Lauren’s only child, her son Gage, died of cancer at the age of nine.
In the early days, there was lots of anger and the big question — Why? Why do innocent kids have to suffer so much in this world? I spent a lot of time on my own, not really wanting to engage in the world so I read and wrote in my journal. I had to move to escape the difficult thoughts, memories, guilt, regrets, did we make the wrong treatment decisions, what did we do wrong, was it our fault? Was there something to the old belief that the children pay for the sins of the parents? My legs felt like my feet were in concrete. Getting out and walking took a lot of effort. Friends invited me for walks, and this helped me to get out of the house.
So, early days were walking, reading, journaling, drinking too much wine to numb the pain. I learned pretty early that wine was a bad escape because when it wore off, I was sick AND the emotions flooded back. Because the numbness held them back like a dam, it felt like they slammed me 10x worse when they returned. This was a quick lesson that denying the pain of grief only slowed healing and recovery. I had to learn how to live with this loss and daily intense pain and take it one step at a time.
With the anger part, especially with my faith in God/Jesus. My friends had a strong faith and encouraged me to try Bible study. I said ‘yes’ with the intention to prove I was right, that Jesus was not God (or vice versa) and my doubt he existed. Well, to make a long story short, I found little nuggets that lifted me up and helped me to carry on.
I read books like:
- Healing After Loss by Martha Whitmore Hickman (daily meditations for working through grief). I still pick this up periodically, and it is very well-worn.
- Why Bad Things Happen To Good People by Harold Kushner (spoiler — because it is a broken world)
- Nurturing, Healing, Love by Scarlett Lewis (a mother who lost her child in the Sandy Hook shooting)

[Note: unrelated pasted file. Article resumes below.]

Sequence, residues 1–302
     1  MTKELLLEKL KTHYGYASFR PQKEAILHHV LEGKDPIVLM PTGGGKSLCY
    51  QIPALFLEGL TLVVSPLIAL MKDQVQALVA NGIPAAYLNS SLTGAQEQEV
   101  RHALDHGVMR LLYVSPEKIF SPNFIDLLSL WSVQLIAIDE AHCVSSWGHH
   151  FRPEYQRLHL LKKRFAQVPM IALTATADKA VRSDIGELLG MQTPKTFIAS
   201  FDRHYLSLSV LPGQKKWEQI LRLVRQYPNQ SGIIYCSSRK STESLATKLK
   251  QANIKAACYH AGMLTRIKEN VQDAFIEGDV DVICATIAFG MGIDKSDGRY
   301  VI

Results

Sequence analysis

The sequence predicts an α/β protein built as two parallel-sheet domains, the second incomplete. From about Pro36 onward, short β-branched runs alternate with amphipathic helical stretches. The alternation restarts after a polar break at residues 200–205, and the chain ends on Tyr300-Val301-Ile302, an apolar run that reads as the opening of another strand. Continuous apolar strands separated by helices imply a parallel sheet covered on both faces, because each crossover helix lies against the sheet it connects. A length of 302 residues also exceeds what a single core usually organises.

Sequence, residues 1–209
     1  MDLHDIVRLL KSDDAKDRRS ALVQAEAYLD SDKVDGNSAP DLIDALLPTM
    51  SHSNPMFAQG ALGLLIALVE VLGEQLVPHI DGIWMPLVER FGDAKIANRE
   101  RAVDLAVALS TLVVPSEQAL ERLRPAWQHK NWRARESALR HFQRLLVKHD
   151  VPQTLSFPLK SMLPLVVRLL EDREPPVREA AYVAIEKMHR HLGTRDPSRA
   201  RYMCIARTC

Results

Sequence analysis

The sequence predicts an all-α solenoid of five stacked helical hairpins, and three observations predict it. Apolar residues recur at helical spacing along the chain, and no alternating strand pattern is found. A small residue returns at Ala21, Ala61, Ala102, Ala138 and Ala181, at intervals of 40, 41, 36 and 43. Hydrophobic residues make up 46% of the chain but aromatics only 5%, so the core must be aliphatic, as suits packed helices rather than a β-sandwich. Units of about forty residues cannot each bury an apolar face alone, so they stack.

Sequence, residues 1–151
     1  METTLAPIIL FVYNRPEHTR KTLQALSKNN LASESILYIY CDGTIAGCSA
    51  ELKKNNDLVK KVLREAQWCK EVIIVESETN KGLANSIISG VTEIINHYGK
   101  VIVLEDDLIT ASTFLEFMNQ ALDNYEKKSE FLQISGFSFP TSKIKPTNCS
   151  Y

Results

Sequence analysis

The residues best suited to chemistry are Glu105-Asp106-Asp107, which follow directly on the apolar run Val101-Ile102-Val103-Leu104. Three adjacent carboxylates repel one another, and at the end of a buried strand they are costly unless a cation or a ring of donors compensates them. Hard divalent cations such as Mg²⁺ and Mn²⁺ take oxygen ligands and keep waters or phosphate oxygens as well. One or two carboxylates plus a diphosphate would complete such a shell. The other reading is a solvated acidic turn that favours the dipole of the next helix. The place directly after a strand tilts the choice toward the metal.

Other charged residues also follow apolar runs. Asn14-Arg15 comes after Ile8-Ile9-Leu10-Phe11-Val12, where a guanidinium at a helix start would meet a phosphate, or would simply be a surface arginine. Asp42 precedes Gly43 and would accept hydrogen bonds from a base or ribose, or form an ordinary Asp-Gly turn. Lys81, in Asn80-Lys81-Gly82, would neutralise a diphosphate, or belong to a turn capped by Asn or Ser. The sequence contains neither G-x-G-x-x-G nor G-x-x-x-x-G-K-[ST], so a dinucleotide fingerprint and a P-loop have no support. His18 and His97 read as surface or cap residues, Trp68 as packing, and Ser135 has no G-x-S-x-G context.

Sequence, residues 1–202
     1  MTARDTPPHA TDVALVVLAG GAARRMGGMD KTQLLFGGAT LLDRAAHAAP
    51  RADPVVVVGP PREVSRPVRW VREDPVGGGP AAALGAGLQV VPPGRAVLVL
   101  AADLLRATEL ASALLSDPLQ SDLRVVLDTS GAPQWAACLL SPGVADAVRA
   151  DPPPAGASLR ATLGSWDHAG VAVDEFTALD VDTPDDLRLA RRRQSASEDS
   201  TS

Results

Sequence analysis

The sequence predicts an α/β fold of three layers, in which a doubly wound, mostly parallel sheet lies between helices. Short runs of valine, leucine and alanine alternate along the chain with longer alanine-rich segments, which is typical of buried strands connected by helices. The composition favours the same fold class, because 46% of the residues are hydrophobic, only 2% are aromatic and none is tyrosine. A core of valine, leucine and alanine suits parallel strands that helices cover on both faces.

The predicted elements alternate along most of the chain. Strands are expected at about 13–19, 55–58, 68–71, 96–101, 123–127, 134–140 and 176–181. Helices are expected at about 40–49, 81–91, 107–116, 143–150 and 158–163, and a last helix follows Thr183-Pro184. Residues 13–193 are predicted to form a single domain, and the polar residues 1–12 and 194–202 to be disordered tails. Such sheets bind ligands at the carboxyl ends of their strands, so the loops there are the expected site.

- Talking to Heaven by James Van Praugh
- Growing Up In Heaven by James Van Praagh
- The One Thousand Gifts by Ann Voskamp
The above are the ones I have on my bookshelf in my office. The following are on the downstairs bookshelf. I don’t remember reading them but wanted to share them. Maybe I wasn’t ready before but I plan to revisit them.
- The Birth We Call Death by Paul Dunn & Richard Eyre (a Mormon perspective)
- Love Is Stronger Than Death by Peter Kreeft
- The Grace Given by Ken Giges
The books about faith that did not help me were ones about God’s hand in a miracle healing. Why were others healed and not Gage? I got especially angry in Bible study when someone talked about about God having a hand in healing a 90 year old grandmother! I would feel bitterness. Why would God choose to heal a 90 year old who has had a long life and not a child?!? This type of comment still makes my blood boil. So, to this day, I don’t believe God has anything to do with healing a person physically. I believe “The Spirit” helps us spiritually by providing an inner feeling of peace, trust and hope, and this helps us to endure. I have come to believe in pre-destination because this is the only way I can make sense of the world and an individual soul’s purpose here. For some reason, Gage’s journey was to suffer through cancer, touch the lives of others and then be free at a young age. I like the belief of other faiths that our soul chooses a trial to become a stronger external being. Maybe a short life is actually the better journey because this world is really Hell and the sooner we are free, the better.
So, I have my answer to “Why?” Sort of. I believe there is a “Why?”, but I won’t know what it is until is is my turn to leave the world. When I have dreams about Gage or my Mom (who passed in 2004), their faces are at peace but also knowing and understanding the purpose of their journeys. The look is also of empathy, understanding what it feels like not to understand but knowing I will know one day, and I need to trust.
I heard a talk awhile ago describing this perspective like needle point. When looking up from underneath, it is a mess of thread and knots. But when looking from above, it is a beautiful picture or pattern.